Currently reading: Government details £27.4 billion investment in strategic roads
Highways England will spend £14bn on upgrading motorways and major A-roads, £11bn on repairing network

The government has announced more details on its plans to improve major roads in England as part of a £27.4 billion investment.

First detailed in March, the largest chunk of the investment - £14bn - will be used to upgrade the country’s motorways and A-roads, with a view to improving their quality, capacity and safety.

Flagship projects include building a new road tunnel under the Thames between Essex and Kent, speeding up journeys between the Channel ports and the rest of the country and upgrading the A66 to create a new Trans-Pennine dual-carriageway.

The money will also be spent on improving the major direct route between the South East and South West by building a tunnel near Stonehenge and widening the A19 in Sunderland, among other projects.

The second-largest proportion of the investment, claimed to be the largest ever in UK strategic roads, will go towards improving everyday journeys by repairing and replacing parts of the network. Almost £11bn is set aside for this task.

The government also claims that it will resurface nearly 5000 lane-miles of road, install or renew more than 1000 miles of safety barriers on motorways and dual-carriageways and renew more than 170 bridges and other structures.

Between £300m and £400m has been set aside to replace ageing concrete sections on the A14, M5, M18, M20, M42, M54 and M56.

Finally, £1bn will be spent on broader road-improvement projects, such as conserving cultural heritage or strengthening flood resilience and improving access for walkers, cyclists and horseriders. A further £1.4bn was recently spent on upgrading the A14 between Cambridge and Huntingdon.

Highways England said its plans will help support 64,000 construction industry jobs.

Boss Jim O’Sullivan said: “We now have a strong track record of delivering new schemes and operating the network for the benefit of our customers and the communities we serve.

“The plan we’re launching today will protect and create jobs to aid the nation’s recovery and make journeys faster and more reliable for freight and road users.”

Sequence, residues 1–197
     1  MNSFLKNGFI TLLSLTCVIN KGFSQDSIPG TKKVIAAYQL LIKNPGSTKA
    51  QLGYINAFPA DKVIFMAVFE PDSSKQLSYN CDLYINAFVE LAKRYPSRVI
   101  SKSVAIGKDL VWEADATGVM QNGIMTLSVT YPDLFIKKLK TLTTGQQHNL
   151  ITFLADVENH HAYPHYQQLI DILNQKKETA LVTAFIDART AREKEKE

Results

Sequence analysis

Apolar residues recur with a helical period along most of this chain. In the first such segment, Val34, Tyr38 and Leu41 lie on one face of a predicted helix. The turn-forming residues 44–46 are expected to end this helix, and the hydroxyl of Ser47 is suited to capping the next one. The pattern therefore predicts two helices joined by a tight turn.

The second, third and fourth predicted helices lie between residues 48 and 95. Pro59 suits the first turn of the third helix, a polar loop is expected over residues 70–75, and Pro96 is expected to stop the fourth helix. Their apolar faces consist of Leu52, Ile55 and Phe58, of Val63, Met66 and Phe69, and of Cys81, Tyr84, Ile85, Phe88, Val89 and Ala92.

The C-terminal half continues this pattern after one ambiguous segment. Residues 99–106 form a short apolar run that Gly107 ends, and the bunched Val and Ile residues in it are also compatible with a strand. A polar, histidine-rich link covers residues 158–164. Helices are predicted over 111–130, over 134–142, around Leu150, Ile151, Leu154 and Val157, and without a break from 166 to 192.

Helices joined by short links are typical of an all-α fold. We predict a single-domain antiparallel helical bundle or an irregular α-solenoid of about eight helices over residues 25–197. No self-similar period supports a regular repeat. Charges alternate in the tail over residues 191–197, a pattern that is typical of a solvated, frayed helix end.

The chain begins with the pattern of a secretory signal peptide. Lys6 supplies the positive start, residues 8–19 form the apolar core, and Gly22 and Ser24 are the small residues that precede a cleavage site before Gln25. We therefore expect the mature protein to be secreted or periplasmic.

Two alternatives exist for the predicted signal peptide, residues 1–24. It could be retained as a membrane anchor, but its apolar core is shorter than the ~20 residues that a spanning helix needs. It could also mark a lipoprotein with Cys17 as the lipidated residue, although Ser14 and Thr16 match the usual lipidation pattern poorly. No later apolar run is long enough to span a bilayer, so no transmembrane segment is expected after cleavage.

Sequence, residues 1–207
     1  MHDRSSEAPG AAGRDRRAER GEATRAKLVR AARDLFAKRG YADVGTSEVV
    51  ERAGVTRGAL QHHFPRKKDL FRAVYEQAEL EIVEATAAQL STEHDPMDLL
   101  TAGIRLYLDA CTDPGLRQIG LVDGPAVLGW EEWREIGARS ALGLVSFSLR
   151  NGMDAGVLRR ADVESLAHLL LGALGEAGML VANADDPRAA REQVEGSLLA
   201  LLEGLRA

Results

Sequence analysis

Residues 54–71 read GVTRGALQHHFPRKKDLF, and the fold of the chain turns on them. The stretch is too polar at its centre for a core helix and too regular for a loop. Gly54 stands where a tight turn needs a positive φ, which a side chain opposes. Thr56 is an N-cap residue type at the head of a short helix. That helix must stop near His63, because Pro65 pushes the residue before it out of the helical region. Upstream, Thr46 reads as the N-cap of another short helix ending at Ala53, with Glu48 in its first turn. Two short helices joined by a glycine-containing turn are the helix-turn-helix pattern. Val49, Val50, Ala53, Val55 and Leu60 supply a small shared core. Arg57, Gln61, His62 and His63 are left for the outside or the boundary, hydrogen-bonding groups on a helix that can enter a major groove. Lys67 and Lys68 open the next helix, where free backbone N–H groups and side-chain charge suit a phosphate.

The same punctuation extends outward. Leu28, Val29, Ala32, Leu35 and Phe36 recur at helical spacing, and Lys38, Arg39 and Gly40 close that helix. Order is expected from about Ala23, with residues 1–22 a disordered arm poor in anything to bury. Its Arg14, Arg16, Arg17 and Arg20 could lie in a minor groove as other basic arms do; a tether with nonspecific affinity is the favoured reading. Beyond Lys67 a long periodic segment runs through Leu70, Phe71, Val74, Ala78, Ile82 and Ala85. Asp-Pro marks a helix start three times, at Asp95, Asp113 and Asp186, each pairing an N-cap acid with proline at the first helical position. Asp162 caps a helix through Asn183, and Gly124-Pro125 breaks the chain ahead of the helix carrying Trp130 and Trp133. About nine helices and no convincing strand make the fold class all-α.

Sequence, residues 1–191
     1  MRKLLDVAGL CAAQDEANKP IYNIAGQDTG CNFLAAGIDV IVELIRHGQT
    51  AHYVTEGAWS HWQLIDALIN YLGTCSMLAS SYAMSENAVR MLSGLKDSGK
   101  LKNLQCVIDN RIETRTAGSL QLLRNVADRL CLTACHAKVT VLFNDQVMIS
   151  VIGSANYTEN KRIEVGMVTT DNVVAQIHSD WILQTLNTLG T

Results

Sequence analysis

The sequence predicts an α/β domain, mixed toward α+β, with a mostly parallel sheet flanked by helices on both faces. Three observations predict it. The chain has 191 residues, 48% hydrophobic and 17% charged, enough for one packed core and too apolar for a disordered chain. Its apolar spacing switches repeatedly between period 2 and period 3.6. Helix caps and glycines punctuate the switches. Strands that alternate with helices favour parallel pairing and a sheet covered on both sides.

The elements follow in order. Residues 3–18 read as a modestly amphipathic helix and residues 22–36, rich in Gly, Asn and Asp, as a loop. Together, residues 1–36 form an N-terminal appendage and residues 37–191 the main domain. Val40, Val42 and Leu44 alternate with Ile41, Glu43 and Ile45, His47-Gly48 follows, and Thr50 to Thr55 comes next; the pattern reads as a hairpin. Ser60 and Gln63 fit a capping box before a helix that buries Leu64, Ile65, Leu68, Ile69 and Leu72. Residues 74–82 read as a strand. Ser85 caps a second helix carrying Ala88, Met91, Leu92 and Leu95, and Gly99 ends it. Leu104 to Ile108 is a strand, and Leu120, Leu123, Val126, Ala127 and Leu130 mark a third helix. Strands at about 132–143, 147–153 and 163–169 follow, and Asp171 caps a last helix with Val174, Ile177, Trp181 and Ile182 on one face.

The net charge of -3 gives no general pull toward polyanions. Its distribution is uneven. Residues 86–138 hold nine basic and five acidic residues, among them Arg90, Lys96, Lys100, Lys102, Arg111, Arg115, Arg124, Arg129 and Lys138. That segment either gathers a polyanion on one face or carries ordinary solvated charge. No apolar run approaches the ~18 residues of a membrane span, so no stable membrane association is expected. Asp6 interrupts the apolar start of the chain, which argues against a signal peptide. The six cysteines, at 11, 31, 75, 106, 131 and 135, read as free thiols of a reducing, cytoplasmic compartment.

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Just Saying 25 August 2020

The network can't cope with demand.

The synergy between keeping the wheels of industry turning and keeping transportation wheels turning is obvious.
Build more motorways. Build more roads.
We've all made domestic flights, there's land everywhere!
Build, build, build.
The focus should be to save UK business, jobs, and bring back joy to motoring. Plenty of land for new homes too. Sorry, different subject, but true!
The Colonel 24 August 2020

Deja Rue

The Lower Thames Crossing (the tunnel between Essex and Kent) has been in development since 2011. They are currently on the third public consultation for the preferred route from the M25 to the tunnel mouth, having whittled it down from three.  

The Stonehenge tunnel has been in development at least as long  Historians say the idea is nearly as old as the stone circle itself.

As with "new" nurses, "new" police officers, "new" hospitals, and "new" schools, I'm calling BS on this one.


1stdarkhorse 24 August 2020

The UK desperately needs improved roads infrastructure

It is important that we build a better road network which should improve the existing vehicle capacity by providing alternative routes linking North to South and East to West without having to start in
London and probably a second London Orbital Motorway say 20 miles further out from London.
Equally, integrated park and ride facilities in all major towns and cities linking road to rail etc.
Delivery services will need to be reviewed using distribution hubs around cities, consolidating delivery vehicles to reduce van use in cities.
The real issue is that we will never reduce demand from personal mobility, therefore, we need to make what we have work better, reduce congestion black spots, improve traffic flow, stop non essential traffic in city centres etc. One of my personal favourites is the volume of near empty tourist buses and open top buses blocking areas of central London! Unneccessary congestion is a major contributor to air pollution.